INDIANAPOLIS — An Illinois appeals panel on July 26 held that a homeowners insurance policy’s motorized land vehicle exclusion barred coverage for a minor’s bodily injuries arising from the use of the golf cart, affirming a lower court’s summary judgment ruling in favor of the insurer in its lawsuit seeking a declaration that it has no duty to defend or indemnify against the underlying lawsuit.
HARTFORD, Conn. — A Connecticut appeals panel in a July 27 opinion affirmed a lower court’s ruling that an underlying negligent infliction of emotional distress claim brought against an insured failed to assert that a bodily injury occurred and, therefore, an insurer has no duty to defend or indemnify its insured, noting that mental injuries alone will not trigger coverage.
NEW ORLEANS — Under a “straightforward application of contract law,” two insurers tell the Fifth Circuit U.S. Court of Appeals in July 23 briefs that funds stolen in a phishing scheme were not owned or controlled by their policyholder, thus negating any duty for them to reimburse the stolen funds amounts that were voluntarily reimbursed by appellant RealPage Inc.
CLEVELAND — An Ohio appeals panel on July 22 affirmed a lower court’s ruling that an insurer owes no directors and officers liability coverage for underlying reported and nonreported claims arising from an alleged Ponzi scheme, finding that each underlying lawsuit asserted that the insured and others “participated in a continuous and related pattern and practice of defrauding their employees for a period of over two years.”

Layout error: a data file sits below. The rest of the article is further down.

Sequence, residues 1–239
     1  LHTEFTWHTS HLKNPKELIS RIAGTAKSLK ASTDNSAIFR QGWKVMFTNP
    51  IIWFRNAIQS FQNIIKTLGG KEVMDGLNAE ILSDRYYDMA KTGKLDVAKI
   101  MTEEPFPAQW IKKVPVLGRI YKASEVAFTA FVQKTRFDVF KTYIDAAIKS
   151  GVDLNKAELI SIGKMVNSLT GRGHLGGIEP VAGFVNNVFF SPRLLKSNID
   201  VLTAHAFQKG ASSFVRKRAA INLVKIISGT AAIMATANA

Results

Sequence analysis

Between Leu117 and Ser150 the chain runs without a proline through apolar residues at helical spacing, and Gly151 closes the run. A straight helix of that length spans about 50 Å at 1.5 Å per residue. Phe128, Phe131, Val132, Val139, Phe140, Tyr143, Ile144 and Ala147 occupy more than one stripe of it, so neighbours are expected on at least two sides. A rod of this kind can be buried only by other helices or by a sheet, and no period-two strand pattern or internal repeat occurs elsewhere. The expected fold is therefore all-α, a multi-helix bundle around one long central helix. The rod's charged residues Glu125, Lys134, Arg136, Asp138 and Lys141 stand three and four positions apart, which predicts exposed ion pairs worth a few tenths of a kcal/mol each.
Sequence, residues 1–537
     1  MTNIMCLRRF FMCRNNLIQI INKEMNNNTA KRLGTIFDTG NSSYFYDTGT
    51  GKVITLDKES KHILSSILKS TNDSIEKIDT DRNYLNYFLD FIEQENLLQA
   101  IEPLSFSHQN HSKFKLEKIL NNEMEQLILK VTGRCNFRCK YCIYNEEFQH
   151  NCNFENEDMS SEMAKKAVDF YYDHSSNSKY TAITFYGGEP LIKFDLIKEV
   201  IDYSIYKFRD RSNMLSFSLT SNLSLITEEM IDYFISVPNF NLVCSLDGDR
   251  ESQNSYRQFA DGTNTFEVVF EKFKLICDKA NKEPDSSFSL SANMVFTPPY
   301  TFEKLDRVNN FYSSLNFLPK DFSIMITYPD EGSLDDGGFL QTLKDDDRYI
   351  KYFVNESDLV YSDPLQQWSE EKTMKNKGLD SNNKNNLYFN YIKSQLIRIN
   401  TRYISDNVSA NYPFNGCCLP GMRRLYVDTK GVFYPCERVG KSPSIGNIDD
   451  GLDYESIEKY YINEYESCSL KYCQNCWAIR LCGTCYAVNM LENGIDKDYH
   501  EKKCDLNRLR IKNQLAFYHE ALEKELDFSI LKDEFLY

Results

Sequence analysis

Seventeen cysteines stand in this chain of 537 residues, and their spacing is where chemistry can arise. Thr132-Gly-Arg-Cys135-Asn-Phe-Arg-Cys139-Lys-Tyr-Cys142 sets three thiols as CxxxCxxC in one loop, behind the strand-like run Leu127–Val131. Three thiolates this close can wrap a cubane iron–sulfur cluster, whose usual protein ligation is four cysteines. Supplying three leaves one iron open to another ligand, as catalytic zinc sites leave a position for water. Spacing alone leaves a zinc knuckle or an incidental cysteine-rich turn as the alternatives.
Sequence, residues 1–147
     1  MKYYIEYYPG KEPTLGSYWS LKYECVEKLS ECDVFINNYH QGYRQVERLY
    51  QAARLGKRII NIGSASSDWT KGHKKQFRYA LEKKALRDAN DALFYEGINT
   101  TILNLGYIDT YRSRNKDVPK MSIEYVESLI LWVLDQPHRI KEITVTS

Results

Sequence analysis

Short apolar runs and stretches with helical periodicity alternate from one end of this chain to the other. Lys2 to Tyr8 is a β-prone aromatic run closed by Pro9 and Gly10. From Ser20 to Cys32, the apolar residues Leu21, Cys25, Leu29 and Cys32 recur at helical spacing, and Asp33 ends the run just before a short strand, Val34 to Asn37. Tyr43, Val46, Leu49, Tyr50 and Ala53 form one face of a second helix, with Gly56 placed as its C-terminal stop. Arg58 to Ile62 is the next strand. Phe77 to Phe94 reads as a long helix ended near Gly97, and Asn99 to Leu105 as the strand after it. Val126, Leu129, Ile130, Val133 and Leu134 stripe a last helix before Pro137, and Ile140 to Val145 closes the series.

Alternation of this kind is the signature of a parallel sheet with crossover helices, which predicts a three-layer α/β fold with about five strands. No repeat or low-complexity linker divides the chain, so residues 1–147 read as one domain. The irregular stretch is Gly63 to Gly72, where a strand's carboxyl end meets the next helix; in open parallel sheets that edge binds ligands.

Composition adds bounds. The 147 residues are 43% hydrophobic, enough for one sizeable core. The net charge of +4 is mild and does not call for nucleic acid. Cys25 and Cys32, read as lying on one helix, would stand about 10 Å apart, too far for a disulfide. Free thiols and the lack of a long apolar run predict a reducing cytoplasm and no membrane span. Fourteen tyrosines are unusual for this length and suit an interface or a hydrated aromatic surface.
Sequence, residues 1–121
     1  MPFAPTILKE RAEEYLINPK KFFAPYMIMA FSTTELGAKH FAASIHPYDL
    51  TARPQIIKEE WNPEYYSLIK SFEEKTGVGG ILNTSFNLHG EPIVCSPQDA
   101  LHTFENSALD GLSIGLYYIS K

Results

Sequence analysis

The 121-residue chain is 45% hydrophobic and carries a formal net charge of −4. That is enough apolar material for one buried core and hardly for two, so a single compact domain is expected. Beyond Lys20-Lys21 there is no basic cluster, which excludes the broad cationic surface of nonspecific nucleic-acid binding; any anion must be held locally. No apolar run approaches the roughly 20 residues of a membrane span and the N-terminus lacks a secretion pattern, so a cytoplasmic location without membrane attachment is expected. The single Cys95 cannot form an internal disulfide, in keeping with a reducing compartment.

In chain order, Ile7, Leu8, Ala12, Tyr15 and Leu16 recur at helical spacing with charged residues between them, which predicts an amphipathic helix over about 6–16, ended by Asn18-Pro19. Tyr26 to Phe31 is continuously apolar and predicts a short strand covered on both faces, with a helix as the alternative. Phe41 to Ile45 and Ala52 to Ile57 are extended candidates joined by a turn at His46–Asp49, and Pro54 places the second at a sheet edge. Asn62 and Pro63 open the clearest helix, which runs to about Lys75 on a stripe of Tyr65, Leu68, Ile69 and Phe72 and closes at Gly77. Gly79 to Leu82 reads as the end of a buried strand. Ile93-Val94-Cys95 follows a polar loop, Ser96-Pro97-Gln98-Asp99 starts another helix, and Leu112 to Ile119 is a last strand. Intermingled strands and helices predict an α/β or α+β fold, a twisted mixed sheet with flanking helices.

MINNEAPOLIS — A federal judge in Minnesota on July 21 granted insurers’ motion for summary judgment in their lawsuit disputing coverage for an underlying lawsuit alleging their mutual insured drugged and sexually assaulted a woman who subsequently committed suicide, finding that the underlying allegations described a sexual assault by the insured that was neither “unexpected or unintended.”
ATLANTA — American Property Casualty Insurance Association on July 21 filed an amicus curiae brief in support of Certain Underwriters at Lloyd’s London in a coronavirus coverage suit, arguing to the 11th Circuit U.S. Court of Appeals that commercial property insurance policies “do not—and were never intended to—provide coverage for economic losses untethered to physical loss or physical damage.”
NEW ORLEANS — The Fifth Circuit U.S. Court of Appeals on July 21 reversed a lower federal court’s finding that a commercial general liability insurer has no duty to defend against an underlying lawsuit seeking to recover damages purportedly caused by a data breach of the insured’s credit card processing system, finding that the underlying alleged injuries trigger coverage under the policy because they arise from violations of customers’ rights to keep their credit card information private.